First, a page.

In October 1962, the Cuban missile crisis threatened to become a global thermonuclear war. The United States and the Soviet Union entered into a conflict over the presence of nuclear missiles on the island of Cuba, and a single spark could have ended civilization as we know it. But what we do not have so present today is that at the height of that conflict, a lost plane near the North Pole almost led the world to that result.
On October 4, 1962, a US spy plane that was making a reconnaissance flight over Cuba came up with a disturbing finding: Soviet SS-4 short-range ballistic missiles and SS-5 medium-range ballistic missiles. Soviet leader Nikita Krushchev took advantage of the offer of Cuban leader Fidel Castro to store missiles in his country, just a few hundred kilometers from America.
Washington, furious, ordered the United States Navy to block the country, which was technically an act of war, and also left its troops ready before a possible invasion and prepared its nuclear weapons just in case. US forces around the world were on DEFCON 2 alert, just one step away from nuclear war.
On October 27, when US intelligence was trying to assess the state of the missile facilities, they shot down a U-2 plane flying over Cuba, piloted by Air Force commander Rudolph Anderson. That attack made the Undersecretary of Defense declare that “(The Soviets) have made the first shot.”
What the decision makers at that time did not know was that there was a good chance of a second shot, one that could have triggered a total war.
As the intelligence of the United States looked towards Cuba with a magnifying glass, the rest of the reconnaissance operations against the Soviet Union continued normally. Therefore, on October 27, a U-2 piloted by Captain Charles Maultsby took off from the Eielson Air Force Base in Alaska.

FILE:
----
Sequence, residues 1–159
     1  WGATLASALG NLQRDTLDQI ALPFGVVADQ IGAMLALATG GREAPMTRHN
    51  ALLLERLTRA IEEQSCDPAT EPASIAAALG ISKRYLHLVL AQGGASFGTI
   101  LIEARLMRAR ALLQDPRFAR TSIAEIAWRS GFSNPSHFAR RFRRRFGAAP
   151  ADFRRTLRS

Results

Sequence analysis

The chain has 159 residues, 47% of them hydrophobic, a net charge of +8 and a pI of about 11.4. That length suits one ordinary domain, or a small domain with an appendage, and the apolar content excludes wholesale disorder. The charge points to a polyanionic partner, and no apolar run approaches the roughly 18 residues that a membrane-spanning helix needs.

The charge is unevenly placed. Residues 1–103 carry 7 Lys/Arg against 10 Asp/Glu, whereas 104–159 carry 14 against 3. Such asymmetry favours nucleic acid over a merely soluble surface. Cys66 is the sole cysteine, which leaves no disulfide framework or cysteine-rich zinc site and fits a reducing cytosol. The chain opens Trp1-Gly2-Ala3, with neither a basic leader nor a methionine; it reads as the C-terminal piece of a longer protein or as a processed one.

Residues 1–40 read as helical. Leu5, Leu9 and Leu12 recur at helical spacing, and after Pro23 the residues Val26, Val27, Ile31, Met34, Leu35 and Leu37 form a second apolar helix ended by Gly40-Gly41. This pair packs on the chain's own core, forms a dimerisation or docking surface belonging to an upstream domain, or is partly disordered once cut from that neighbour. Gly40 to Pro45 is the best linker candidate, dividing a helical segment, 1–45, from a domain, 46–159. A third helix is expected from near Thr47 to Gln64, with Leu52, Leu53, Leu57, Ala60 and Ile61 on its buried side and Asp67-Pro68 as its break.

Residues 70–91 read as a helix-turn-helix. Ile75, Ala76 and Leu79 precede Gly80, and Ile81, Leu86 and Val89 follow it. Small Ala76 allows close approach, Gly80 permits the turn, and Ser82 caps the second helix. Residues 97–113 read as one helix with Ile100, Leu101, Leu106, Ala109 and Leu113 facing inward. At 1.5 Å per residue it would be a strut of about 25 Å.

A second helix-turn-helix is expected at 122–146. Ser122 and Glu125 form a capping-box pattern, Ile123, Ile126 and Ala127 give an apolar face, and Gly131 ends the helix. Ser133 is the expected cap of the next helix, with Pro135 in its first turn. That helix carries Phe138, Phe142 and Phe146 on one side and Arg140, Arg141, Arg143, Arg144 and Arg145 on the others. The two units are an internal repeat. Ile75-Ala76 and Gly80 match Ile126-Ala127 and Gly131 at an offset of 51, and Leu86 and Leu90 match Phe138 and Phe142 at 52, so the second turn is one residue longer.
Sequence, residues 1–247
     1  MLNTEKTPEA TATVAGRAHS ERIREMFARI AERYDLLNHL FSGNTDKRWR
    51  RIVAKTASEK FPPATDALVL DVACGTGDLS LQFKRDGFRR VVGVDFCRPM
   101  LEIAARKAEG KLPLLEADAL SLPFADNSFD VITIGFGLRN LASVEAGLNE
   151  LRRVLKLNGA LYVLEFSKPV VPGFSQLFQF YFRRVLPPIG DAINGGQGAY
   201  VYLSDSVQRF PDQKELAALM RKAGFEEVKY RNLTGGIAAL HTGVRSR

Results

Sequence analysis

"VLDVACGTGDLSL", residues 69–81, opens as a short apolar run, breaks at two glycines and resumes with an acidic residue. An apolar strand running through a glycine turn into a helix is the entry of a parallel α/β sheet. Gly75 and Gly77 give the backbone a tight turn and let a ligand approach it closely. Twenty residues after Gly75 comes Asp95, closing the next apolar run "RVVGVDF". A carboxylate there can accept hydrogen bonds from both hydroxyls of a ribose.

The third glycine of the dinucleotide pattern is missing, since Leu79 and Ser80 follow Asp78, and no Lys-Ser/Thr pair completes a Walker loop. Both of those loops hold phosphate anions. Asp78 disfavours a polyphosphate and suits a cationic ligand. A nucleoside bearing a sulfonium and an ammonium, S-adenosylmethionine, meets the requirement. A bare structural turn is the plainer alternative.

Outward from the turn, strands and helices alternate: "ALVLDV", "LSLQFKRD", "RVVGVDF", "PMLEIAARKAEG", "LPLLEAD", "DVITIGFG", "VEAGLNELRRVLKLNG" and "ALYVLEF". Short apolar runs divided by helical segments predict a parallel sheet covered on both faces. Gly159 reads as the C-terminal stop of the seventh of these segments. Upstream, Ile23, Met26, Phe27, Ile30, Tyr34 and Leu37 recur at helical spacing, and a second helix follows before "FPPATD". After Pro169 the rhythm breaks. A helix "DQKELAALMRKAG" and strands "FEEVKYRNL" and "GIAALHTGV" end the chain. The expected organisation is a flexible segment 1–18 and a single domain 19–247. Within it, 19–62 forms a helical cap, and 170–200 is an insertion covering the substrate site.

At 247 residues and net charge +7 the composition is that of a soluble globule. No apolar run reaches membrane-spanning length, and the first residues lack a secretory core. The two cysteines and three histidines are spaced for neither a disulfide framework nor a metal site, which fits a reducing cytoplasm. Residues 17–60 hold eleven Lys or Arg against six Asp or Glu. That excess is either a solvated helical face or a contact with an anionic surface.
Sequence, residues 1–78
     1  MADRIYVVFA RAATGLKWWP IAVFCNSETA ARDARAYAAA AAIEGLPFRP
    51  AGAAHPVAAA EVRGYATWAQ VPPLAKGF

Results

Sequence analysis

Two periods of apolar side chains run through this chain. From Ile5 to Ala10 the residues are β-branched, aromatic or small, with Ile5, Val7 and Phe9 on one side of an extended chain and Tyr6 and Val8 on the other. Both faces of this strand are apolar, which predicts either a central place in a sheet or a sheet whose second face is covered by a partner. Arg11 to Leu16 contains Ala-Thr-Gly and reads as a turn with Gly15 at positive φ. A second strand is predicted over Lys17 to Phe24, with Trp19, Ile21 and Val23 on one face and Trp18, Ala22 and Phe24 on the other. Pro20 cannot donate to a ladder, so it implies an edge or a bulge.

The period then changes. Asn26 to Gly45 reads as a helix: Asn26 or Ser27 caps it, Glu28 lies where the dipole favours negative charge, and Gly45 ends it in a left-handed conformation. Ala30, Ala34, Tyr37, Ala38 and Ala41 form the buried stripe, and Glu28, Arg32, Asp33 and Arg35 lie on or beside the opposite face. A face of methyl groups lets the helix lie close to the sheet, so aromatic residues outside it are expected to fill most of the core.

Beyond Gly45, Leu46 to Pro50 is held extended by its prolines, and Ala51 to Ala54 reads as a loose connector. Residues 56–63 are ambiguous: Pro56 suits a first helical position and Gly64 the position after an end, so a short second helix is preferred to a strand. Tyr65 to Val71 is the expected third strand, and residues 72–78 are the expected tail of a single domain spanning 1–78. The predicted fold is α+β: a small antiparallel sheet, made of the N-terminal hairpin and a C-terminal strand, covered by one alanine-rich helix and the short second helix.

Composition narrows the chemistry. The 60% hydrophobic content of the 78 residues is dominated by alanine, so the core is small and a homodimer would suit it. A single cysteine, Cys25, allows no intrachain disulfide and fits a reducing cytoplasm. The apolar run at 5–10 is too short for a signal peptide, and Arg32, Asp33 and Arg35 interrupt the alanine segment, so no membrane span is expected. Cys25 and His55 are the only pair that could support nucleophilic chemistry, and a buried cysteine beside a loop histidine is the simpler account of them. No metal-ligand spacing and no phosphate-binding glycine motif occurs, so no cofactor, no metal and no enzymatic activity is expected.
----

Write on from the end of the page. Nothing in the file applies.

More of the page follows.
Maultsby was headed to the North Pole, where he would collect air samples that could give more clues about Soviet nuclear tests north of the Arctic Circle.
At that time, GPS had not yet been invented and Maultsby was too far north to rely on land navigation systems, so the pilot was flying with the stars. Unfortunately, and partly due to a northern lights, Maultsby got lost and began to go in the wrong direction, entering Soviet airspace.
Soviet air defense troops, known as Voyska PVO , detected the U-2 and sent their MiG-19 fighters to intercept it. At the same time, the United States Air Force sent a pair of F-102 Delta Dagger fighters to protect the U-2 and take Maultsby back home. The fighters generally carried Falcon air-to-air missiles, and their mission in wartime was to shoot down Soviet bombers that could carry nuclear weapons. A really worrying detail was that the Pentagon had changed the alert status to DEFCON 3, and the missiles normally carried by the Delta Daggers were replaced by nuclear missiles. Once equipped with these missiles, the pilots could launch nuclear warheads at will.
(To give you an idea, you can see the power of the nuclear weapons that these planes carried in the video below. The W-54 nuclear warhead they carried had a power equivalent to 0.25 kilotons, or what is the same , 250 tons of TNT. The Hiroshima pump, in comparison, had a power of 16 kilotons).
What happened after? As you and I continue on the face of the Earth, it seems that the thing was resolved peacefully. However, it is not very difficult to imagine how things could have been twisted
The F-102 pilots were ordered to defend the U-2 from Soviet fighters, but they only had nuclear weapons to carry out the mission. If they had really launched them against their Soviet counterparts, Moscow would have interpreted it with total certainty as the first advances towards a total nuclear war. Once their fears were confirmed, the Soviet command would have ordered a first attack to destroy as many American nuclear weapons as possible on the ground. A key part of this attack would have been the launch of Cuba’s missiles against targets such as Washington DC and New York, and reprisals would have turned the island into radioactive ashes.
Also, if Captain Maultsby had crashed or been shot down, the United States government could have considered that it was the “second shot” and possibly used their nuclear weapons before they were destroyed by a Russian surprise attack.
Tensions between Russia, China and the United States are at their peak for a long time. But at least, election campaigns and trade wars are not the same as a nuclear holocaust, although we should never forget how close we have been to that happening.
If you want to know more about the incident, check out the latest Mark Felton Productions mini documentary that is above all or read this article published by Vanity Fair in 2008.